Disability and HIV in Jamaica
08 September 2008
To address the inclusion of the persons with disabilities in HIV-related public education the “Education and economic empowerment for persons with disabilities: Responding to HIV” programme is being implemented by the Jamaica Council of Persons with Disabilities (JCPD) in the Ministry of Labour and Social services and is financially and technically supported by UNAIDS Jamaica.
“Individuals with disability are often overlooked in HIV prevention and AIDS outreach efforts,” said Miriam Maluwa, UNAIDS Country Coordinator for Jamaica, The Bahamas and Belize. “To ensure their inclusion in HIV-related public education, this innovative information and economic empowerment programme is being implemented as part of the national response to HIV.”
Using a creative approach, the programme directly addresses the disabled community on the subject of HIV, customizing messages and information and delivering it in accessible formats to suit their disabilities such as providing information in Braille for blind and visually impaired individuals; texting HIV prevention messages and ensuring that public health information on television has the necessary sign language for the deaf community.
The programme is coupled with an income generation component to assist people in accessing business skills and small grants to initiate and manage their own business, thus reducing their vulnerability to HIV.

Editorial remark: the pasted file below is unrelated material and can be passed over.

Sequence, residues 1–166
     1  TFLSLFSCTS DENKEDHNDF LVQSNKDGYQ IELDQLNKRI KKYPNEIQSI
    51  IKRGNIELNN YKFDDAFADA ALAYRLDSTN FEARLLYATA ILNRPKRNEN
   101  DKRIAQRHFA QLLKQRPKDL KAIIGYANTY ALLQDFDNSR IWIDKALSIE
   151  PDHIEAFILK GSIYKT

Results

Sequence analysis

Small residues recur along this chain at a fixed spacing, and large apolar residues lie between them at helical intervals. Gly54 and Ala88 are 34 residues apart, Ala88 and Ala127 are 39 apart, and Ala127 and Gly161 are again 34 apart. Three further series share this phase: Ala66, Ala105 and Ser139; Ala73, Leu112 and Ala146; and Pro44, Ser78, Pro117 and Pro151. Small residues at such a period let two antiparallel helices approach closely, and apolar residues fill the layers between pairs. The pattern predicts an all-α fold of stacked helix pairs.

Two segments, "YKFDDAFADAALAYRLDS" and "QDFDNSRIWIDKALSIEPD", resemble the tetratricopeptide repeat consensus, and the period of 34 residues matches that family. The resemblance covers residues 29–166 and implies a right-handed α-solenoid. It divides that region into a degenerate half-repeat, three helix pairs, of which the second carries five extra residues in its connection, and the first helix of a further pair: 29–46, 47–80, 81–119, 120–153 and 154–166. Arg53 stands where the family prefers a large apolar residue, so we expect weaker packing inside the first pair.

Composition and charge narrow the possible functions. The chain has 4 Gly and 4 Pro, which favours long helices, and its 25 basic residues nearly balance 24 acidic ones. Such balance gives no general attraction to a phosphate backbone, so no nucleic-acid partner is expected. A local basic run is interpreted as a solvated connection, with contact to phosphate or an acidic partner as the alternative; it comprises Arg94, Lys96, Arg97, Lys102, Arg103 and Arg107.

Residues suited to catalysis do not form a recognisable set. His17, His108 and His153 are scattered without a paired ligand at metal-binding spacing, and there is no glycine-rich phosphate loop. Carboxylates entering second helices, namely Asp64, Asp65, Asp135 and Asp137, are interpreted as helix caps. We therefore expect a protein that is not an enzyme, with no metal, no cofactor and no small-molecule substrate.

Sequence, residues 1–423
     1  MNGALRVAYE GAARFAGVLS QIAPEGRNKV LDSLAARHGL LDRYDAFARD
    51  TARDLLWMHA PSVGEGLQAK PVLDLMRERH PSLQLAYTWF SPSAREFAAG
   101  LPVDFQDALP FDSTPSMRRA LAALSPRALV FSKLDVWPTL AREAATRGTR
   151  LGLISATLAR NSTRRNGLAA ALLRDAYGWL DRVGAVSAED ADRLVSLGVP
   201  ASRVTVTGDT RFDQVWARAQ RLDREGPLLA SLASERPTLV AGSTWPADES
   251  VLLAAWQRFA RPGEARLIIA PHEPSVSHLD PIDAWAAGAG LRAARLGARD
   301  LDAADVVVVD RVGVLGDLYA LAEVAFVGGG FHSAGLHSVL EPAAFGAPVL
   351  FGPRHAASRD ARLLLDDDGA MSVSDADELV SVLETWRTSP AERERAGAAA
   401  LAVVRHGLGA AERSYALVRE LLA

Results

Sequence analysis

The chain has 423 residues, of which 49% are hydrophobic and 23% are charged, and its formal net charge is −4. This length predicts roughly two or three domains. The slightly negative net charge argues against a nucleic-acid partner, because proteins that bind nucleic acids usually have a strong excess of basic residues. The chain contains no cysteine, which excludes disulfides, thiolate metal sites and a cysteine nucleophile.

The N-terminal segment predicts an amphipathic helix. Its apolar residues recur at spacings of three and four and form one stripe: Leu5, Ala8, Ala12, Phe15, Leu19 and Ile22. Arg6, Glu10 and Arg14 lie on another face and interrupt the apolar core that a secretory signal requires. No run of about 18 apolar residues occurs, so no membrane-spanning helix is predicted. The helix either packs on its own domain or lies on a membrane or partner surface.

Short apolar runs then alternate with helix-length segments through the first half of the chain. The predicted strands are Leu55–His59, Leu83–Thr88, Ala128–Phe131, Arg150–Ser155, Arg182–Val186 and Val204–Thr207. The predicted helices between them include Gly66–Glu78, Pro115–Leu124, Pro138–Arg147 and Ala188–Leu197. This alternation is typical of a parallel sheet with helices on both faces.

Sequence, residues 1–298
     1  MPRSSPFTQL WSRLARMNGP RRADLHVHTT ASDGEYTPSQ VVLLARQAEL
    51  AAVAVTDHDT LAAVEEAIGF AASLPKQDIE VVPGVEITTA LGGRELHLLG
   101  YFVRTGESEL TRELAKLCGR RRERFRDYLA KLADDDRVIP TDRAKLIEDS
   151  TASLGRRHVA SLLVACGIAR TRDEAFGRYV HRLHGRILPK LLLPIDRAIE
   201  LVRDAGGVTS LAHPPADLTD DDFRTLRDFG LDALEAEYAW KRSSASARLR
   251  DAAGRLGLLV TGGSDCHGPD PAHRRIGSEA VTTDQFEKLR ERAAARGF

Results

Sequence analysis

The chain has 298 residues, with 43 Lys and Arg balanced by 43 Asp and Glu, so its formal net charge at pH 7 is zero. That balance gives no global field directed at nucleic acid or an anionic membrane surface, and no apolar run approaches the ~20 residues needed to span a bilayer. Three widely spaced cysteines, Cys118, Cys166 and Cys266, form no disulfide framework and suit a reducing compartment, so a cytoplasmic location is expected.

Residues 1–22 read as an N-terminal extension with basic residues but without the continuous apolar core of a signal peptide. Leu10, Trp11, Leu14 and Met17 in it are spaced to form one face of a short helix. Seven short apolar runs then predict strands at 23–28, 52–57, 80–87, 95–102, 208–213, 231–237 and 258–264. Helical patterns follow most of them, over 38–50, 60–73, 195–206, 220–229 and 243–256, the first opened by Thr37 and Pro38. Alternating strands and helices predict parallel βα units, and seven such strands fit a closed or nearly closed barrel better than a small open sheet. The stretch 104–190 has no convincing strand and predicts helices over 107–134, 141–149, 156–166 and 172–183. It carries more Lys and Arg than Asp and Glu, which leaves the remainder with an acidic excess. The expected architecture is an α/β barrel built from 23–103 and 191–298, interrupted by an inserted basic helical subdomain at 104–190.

Empowering deaf women and girls
The programme is a scale-up of a very successful island-wide project carried out in 2006 which educated deaf women and girls, and their service providers, about HIV and on the wider issue of gender relations.
This project came about in response to results of a needs assessment survey which showed that deaf women experience gender-based violence at a disproportionate rate, particularly violence of a sexual nature including rape, battery, incest and sexual abuse. These unsolicited sexual encounters place deaf women at significantly greater risk of contracting HIV and other sexually transmitted infections.
Within the project women were empowered with self-defense and alternative economic skills to strengthen their economic independence.
The above programmes complement efforts of UNICEF and UNFPA Jamaica who are specifically addressing matters of children with disabilities and HIV and sexual reproductive rights of persons with disabilities, respectively.
The disabled community constitutes one of the most vulnerable groups within Jamaica. Statistics are show that of the approximately 200,000 persons living with a disability in the country, less than 1% of this community is in paid employment.
Through a ripple-on effect, the education and economic empowerment for persons with disabilities programme should positively impact the lives of many, preventing HIV through reducing people vulnerabilities by empowering them with knowledge and economically, equipping them with a means of generating their own income.